Today's economy

Generation Y… can’t I find a decent job

By Kevin Press, BrighterLife.ca

Comments (26)

Three and a half years after launching Today’s economy, the interview I remember most vividly was a young man who struggled to find work after graduating from university in 2008. Eric completed an undergraduate degree in communications, but he’d come to regret that because he couldn’t find steady work. Just two years after graduation, he was disillusioned. “[I]f I could go back in time and change things, I probably would follow a different path,” he told me. “I’d probably go into science. There are so many more career opportunities right now, especially if you want to make a lot of money.”

Image of a generation Y-aged woman looking for work.That kind of pragmatism isn’t normally required of kids in their early 20s, but then Eric had good reason for getting over his dream of writing for a living. After moving back and forth between short-term contracts and unpaid internships, the stress had gotten to him.

“It was insane,” Eric said. “It was crazy. I’ve never felt that type of stress in my life. I had a couple of panic attacks, and I’ve never been prone to anxiety. It was just an overwhelming situation. All the odds are against you. Everyone is just kind of pushing you and pushing you, and eventually you’re just pushed to the brink.”

Eric’s not alone, according to a new report from the Organization for Economic Co-operation and Development (OECD). Unemployment among 15- to 24-year-olds was 16.1% across OECD countries this past April. That’s more than double the total unemployment rate among workers.

In Canada, unemployment among young adults has been stuck around 15% since July 2009 when employment rates hit a low across the country. Our national unemployment rate is 7.2%.

I called Nancy Schaefer, president of Youth Employment Services to learn more about the implications of these numbers. Established in 1968, Schaefer’s organization was the country’s first youth employment counselling centre. Today it serves more than 110,000 young Canadians.

The difference between this recession and previous recessions is the pace of the recovery, Schaefer said. “It’s like a jobless recovery for young people.”

Extended periods of unemployment are never easy. But they can be especially damaging in the early years of a career, when professionals ought to be gaining experience and establishing themselves financially.

“Some young people are getting good degrees and good job-specific skills,” said Schaefer. “If they’re not able to apply that learning and use the enthusiasm and passion they have in their 20s, what happens to their motivation? What happens to their vision of the future? What’s going to happen to our country if we don’t have a generation of young people in the workforce?”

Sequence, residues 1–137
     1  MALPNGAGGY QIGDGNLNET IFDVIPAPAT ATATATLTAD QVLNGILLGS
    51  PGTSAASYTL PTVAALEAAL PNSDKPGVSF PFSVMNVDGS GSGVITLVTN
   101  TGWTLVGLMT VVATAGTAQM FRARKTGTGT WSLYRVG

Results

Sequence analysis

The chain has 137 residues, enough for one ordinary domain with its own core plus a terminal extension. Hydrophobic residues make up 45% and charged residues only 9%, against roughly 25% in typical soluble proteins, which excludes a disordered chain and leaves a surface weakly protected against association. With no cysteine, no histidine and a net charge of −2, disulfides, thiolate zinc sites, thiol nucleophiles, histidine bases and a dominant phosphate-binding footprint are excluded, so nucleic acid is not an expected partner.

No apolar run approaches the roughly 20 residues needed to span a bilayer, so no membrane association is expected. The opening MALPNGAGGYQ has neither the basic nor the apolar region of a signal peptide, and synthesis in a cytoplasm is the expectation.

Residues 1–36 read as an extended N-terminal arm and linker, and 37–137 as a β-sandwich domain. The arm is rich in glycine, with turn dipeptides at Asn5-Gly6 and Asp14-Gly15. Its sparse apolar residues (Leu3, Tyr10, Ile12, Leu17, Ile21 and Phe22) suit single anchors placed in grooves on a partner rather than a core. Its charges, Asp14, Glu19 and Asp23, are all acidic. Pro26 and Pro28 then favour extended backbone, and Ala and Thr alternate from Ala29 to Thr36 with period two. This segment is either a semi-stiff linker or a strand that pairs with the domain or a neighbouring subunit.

Underemployment can be just as harmful. Many young adults are resorting to the kind of service-sector jobs they depended on to get through school because they lack other options. Schaefer’s frustration, after years of helping young, discouraged Canadians is palpable. “This has to be on the public’s agenda. We have to pay close attention to this issue.”

You can help. Visit the Youth Employment Services website for information on mentoring, sponsorships and donations.


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B on

The government should NOT be accountable. When you make the choice to major in something “useless but enjoyable”, YOU are accountable. The entitlement in our youth (16-23) is just insane at this point, and its going to continue until parents realize children need tough love and a parent, not a friend

Lorraine on

As an employer in the service sector, I can tell you a major reason that Generation Y is underemployed is that they pursued education without thought to career options. They all seem to want to work in ‘not for profit’ and fail to understand that there just aren’t that many jobs for a person with a Masters in woman studies/transgendered legal issues (really I had a girl with that as her major who had a big chip on her shoulder about having to do service work). High schools seem to only gear kids with ‘learning issues’ towards the trades rather than the huge number of smart kids who would rather work with their hands. As well so many fine arts grads but no one going into artistic trades like finish carpentry.

Sansu on

I entered the work force in the last serious recession around 1990 when the unemployment rate was higher than it is today, or was in 2008. I remember people were concerned, but I sure don’t remember this level of hand wringing and complaining.